Music is ascending to higher plane as school opens its new auditorium

BY TOBY PORTER
toby@slpmedia.co.uk

A new music venue will be named after the celebrated composer who taught music in the area in the early 20th century.

Officially opening in September, the new Community Music Centre at James Allen’s Girls’ School (JAGS) in East Dulwich Grove, East Dulwich will provide the school and community with complete facilities for music of all genres, from orchestral and choral through to contemporary bands and soloists.

The Vaughan Williams Auditorium will be the centrepiece with capacity to seat audiences of 500 people.

There will also be ample space for performers to rehearse ahead of their shows, with 15 practice rooms.

Hugh Cobbe, director of the Vaughan Williams Charitable Trust, which was set up by the composer’s widow Ursula to promote his work, said: “Ralph Vaughan Williams once said that music enables people to see past facts to the very essence of things in a way which science cannot do.

“He would have been delighted that the new Community Music Centre at James Allen’s Girl’s School was to bear his name.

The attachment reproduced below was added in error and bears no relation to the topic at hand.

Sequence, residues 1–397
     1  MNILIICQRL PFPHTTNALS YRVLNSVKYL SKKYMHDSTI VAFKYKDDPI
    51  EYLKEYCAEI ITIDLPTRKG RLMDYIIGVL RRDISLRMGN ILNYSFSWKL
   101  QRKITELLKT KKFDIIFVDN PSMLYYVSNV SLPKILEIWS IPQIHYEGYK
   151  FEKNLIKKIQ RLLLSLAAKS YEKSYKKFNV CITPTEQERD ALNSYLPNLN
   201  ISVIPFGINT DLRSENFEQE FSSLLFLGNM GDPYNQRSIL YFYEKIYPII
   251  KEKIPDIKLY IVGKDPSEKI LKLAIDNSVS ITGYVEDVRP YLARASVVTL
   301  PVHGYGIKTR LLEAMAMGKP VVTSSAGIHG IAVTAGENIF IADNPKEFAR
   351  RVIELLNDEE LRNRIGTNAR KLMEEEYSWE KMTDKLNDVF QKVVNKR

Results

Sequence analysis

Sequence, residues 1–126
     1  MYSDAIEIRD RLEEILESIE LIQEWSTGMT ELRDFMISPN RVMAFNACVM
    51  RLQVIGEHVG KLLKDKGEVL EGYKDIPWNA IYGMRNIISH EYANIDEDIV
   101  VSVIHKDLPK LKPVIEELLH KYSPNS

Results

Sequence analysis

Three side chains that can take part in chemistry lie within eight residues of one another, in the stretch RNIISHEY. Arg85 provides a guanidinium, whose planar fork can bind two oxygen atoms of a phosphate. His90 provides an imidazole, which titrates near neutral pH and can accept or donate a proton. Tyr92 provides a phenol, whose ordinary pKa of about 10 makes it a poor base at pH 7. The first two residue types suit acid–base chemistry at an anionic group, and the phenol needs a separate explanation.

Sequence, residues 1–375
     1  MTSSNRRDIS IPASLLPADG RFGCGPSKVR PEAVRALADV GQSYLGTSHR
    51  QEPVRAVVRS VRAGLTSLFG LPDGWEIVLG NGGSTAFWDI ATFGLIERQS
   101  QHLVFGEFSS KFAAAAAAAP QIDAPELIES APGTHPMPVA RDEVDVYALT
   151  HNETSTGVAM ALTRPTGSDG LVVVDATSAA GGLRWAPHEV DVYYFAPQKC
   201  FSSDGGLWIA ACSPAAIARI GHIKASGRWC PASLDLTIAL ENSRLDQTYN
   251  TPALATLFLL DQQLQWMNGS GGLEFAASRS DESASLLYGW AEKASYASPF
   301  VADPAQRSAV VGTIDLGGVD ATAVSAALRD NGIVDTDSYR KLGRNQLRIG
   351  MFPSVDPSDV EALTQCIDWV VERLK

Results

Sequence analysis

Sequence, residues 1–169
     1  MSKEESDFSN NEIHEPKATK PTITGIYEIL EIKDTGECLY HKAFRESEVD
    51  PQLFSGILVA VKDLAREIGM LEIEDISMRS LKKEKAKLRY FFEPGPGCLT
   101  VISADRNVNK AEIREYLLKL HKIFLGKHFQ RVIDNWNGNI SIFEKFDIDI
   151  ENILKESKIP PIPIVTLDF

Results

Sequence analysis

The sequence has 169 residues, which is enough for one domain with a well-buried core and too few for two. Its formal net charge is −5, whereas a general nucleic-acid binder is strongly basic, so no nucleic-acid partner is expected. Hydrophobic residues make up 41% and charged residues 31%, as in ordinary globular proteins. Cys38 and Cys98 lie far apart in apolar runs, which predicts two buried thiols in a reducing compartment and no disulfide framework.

“So much of his music was intended for the wider community and the trust, set up under his widow’s will, very much has that in mind in its operations.”

Ralph Vaughan Williams (1872 – 1958) is one of Britain’s most popular composers, whose works are still performed today. His piece The Lark Ascending has regularly topped polls of the country’s most popular pieces of classical music.

The only post he ever held for an annual salary was as a church organist and choirmaster at St Barnabas, in South Lambeth, from 1895 to 1899 for a salary of £50 a year.

He disliked the job, but working closely with a choir was valuable experience for his later undertakings.

He came to JAGS as director of music in 1904 and later introduced his friend Gustav Holst to the school.

Holst went on to teach music there for more than 15 years and the hall in the main school building is named after him.

Headmistress of JAGS, Sally-Anne Huang, said: “We can’t wait to open the doors to the new music centre and share it with our neighbours. This is not just about JAGS, it will also be here for
other local schools, musicians and  community groups.

“It is such a privilege to be able to commemorate Ralph Vaughan Williams in this way. Having the Vaughan Williams Auditorium alongside the Holst Hall will be a fitting tribute reflecting the exceptional musical heritage laid down by these great names and continued here at JAGS into the 21st  century.”


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